Chest compressions guided by CPR feedback devices to ensure adequate rate and depth are important ; however, their effect on patient physiology remains unclear. Indeed, current resuscitation guidelines use a “one size fits all” strategy, recommending the same compression rate and depth for all patients. Newer approaches to measuring physiology in real time during CPR may improve our ability to evaluate the quality of resuscitation in the future. Physiologic monitoring, specifically cardiac output and coronary and cerebral perfusion during resuscitation, are likely to be more sensitive to small changes that may guide resuscitative efforts, and at least in some studies have been correlated with improved clinical outcomes [9, 10]. However, these measurements are difficult to obtain during real-life cardiac arrest resuscitation, particularly in the out-of-hospital setting. Another area of active investigation is the use of end-tidal carbon dioxide (ETCO2) measurements, which are an indirect correlate of cardiac output and are readily available to rescuers performing CPR in cardiac arrest patients; however, as yet there are no recommended ETCO2 target values for CPR, and their relationship with survival remains unclear . There is even less evidence for other physiologic measurements; for example, near-infrared spectroscopy to measure cerebral oximetry [12–15].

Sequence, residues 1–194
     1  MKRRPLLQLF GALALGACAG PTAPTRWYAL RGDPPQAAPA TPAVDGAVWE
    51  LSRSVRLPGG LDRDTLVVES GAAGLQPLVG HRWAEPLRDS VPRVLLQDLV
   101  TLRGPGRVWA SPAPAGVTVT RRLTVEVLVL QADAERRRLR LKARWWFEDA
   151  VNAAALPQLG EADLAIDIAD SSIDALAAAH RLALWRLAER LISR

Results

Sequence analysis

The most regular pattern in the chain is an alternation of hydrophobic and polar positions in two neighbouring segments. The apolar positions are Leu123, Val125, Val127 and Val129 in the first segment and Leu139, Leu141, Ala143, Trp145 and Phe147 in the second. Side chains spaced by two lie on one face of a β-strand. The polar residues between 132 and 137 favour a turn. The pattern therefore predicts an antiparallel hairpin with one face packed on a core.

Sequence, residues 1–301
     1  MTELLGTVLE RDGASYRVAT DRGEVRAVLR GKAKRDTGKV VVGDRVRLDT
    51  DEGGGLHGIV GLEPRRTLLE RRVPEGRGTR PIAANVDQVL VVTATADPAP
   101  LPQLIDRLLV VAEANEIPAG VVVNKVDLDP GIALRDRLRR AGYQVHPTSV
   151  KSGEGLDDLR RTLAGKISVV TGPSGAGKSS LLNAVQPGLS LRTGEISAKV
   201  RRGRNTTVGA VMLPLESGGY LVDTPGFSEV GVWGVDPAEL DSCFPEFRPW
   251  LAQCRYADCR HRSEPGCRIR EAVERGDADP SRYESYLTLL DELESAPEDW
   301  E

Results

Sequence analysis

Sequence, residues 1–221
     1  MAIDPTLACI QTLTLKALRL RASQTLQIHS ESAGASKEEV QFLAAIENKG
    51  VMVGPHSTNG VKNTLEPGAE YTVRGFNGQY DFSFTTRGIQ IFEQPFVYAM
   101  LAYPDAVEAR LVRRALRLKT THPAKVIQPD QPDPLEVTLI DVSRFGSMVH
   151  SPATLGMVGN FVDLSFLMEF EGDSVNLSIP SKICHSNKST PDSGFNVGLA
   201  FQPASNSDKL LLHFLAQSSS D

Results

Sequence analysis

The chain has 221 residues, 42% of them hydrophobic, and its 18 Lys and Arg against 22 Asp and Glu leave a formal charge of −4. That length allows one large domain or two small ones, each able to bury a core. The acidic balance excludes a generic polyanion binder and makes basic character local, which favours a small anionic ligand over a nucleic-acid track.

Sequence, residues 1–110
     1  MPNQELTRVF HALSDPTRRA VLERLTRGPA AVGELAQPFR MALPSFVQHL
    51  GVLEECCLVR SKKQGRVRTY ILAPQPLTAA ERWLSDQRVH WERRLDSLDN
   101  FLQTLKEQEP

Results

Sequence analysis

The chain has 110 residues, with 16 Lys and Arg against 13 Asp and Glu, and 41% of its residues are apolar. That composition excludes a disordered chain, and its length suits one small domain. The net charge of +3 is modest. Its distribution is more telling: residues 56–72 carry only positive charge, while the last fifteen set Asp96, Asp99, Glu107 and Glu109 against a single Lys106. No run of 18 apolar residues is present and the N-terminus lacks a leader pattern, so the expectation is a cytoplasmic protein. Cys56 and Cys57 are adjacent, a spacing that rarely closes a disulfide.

As the ability to monitor physiology during cardiac arrest resuscitation improves, we should be able to individualize patient care by performing goal-directed CPR with the ultimate goal of improving patient survival and functional outcomes. This will require focused research into the effectiveness of goal-directed CPR using physiologic monitoring compared to current CPR standards.
CPR, cardiopulmonary resuscitation; ETCO2, end-tidal carbon dioxide; RCT, randomized controlled trial.
Vahedian-Azimi A, Hajiesmaeili M, Amirsavadkouhi A, et al. Effect of the Cardio First Angel™ device on CPR indices: a randomized controlled clinical trial. Crit Care. 2016;20:147.
Kleinman ME, Brennan EE, Goldberger ZD, et al. Part 5: Adult Basic Life Support and Cardiopulmonary Resuscitation Quality: 2015 American Heart Association Guidelines Update for Cardiopulmonary Resuscitation and Emergency Cardiovascular Care. Circulation. 2015;132:S414–35.
Hostler D, Everson-Stewart S, Rea TD, et al. Effect of real-time feedback during cardiopulmonary resuscitation outside hospital: prospective, cluster-randomised trial. BMJ. 2011;342:d512.
Bohn A, Weber TP, Wecker S, et al. The addition of voice prompts to audiovisual feedback and debriefing does not modify CPR quality or outcomes in out of hospital cardiac arrest—a prospective, randomized trial. Resuscitation. 2011;82:257–62.